“Forgiving you means I will no longer dwell on what a giant asshole you are. It doesn’t mean you are no longer a giant asshole.”
Forgiveness, at its core, is meant to be relational and restorative. That is the ultimate goal. However, it does not always result in reconciliation. We forgive someone for harming us in order to be free from bitterness that gives the other person emotional power over us. I often say to clients, “Don’t let the person who harmed you rent space in your head or your life.”
When is it possible for forgiveness to be relational and restorative? When the person who harmed you is able to acknowledge his or her abusive behavior, repent from it and change their behavior toward you.
Repentance has historically been a spiritual concept but I think it is an integral part of any forgiveness and reconciliation process.
What does repentance mean?
The Greek word for repentance is Metanoia: a changing of the mind. I heard someone once say, “A change of mind such that the person turns 180 degrees and begins walking in a completely new direction. Or, in other words, the person realizes they are a giant asshole and they want to become NOT an asshole.
If an abuser (aka giant asshole) is unable to repent and change, you can be guaranteed the person will abuse you again if you stay in relationship with them.
My story (and quite possibly yours as well)
In my family, you were expected to “forgive and forget.” Reconciliation and restoration of relationship were not contingent upon anyone’s bad behavior changing. I was taught that if truly forgave my family for the shit they did to me, I would visit them, have meals with them and be a good and loving daughter and sister. I tried to do this. Really, I did.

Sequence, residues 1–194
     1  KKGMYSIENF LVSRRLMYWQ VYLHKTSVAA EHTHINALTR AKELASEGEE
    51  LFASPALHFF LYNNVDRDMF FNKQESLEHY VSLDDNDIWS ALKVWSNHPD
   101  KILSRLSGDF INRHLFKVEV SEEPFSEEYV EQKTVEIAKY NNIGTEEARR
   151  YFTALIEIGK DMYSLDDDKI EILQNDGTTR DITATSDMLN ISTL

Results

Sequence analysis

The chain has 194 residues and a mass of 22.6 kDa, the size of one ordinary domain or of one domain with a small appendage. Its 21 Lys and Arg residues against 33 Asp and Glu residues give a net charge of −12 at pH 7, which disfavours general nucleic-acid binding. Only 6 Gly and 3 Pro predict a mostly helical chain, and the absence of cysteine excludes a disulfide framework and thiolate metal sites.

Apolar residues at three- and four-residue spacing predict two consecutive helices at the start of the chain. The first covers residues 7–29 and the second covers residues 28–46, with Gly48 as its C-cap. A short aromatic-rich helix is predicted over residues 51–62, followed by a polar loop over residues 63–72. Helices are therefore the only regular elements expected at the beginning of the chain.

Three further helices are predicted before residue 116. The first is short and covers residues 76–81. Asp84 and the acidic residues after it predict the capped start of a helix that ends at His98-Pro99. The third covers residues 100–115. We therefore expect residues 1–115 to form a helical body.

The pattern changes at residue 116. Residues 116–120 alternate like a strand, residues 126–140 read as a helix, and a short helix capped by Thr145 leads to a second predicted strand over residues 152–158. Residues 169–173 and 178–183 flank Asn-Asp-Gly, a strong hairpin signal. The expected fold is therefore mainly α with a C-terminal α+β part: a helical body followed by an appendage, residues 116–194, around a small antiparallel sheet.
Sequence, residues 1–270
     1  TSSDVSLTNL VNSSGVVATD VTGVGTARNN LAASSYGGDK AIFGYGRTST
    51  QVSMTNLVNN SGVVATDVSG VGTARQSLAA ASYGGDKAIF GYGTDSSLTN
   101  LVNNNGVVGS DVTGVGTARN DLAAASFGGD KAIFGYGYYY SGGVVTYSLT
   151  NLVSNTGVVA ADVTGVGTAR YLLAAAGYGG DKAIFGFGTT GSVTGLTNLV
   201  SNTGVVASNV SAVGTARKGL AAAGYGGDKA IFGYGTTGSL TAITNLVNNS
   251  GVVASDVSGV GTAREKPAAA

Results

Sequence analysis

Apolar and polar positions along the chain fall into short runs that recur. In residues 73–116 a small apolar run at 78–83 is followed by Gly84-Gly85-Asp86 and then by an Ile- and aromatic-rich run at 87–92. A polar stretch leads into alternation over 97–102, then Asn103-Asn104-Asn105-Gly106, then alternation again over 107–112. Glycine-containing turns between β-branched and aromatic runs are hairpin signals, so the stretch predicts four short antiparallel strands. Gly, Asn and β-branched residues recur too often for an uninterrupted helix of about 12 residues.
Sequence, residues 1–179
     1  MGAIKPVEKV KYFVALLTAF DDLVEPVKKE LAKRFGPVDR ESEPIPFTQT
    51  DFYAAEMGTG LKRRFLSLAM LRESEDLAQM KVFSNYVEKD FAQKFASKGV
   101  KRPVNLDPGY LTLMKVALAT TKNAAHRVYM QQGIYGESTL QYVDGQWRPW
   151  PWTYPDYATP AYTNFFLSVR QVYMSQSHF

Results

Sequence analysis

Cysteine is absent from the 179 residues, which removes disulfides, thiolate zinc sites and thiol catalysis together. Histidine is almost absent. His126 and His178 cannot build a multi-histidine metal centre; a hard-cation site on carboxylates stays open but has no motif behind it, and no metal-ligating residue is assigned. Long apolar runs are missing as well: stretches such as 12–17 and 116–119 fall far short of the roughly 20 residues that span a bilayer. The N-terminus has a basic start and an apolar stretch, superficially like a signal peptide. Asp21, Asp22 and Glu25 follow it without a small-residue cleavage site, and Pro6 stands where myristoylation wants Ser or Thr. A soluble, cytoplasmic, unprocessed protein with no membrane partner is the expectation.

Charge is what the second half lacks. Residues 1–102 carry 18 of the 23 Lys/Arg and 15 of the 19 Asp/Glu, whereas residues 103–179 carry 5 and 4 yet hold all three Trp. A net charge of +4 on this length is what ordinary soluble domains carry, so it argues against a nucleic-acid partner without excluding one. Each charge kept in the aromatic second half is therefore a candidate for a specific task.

Here is the rub with this scenario of forgiveness. My family kept pulling the same shit time and again. I set boundaries; they ignored them. I asked for apologies for the abuse they heaped upon my head and body and emotions; they looked at me like I had three heads.
They didn’t think that their behavior needed to change and saw no need to apologize for it; they simply wanted me to be okay with it.
The problem, I finally realized, was not that I couldn’t forgive. The real problem was that they would not change their abusive behavior. They did not see a need to apologize; they simply wanted me to accept their abusive behavior. And that, in the end, I could not do.
Muddy boots and white carpets: An illustration
I heard a powerful story once that has stayed with me: You don’t have to allow someone with muddy boots to come into your home and walk on your white carpet. It is okay to ask a person to remove their stinky, mucky boots before entering. If they won’t, you can offer to step onto the porch and chat there.
If they are offended and try to persuade you to allow them into your clean house with clean carpets, you can say, gently but firmly, “No.”
And if they try to force their way in, you can go inside and lock the door. The problem is not your lack of courtesy; the problem is their unwillingness to remove their filthy boots.
Translation of this little parable: If they won’t repent (remove their muddy boots) then you can’t truly reconcile.
What to do if you are struggling with people who are abusive
Don’t confuse forgiveness with accepting abusive behavior. You can let go of bitterness without going back into an abusive relationship.
Be firm with anyone who wants to be in your life that they need to be able to acknowledge when they are acting like a giant asshole (you know all of us have our moments) and they can genuinely apologize and try to do things differently in relationship with you.
Don’t let the word “family” equal “I must accept whatever they do to me to keep the family together.” You don’t have to accept abuse FROM ANYONE.
Remember the “r”s: repentance leads to reconciliation and restoration of relationship.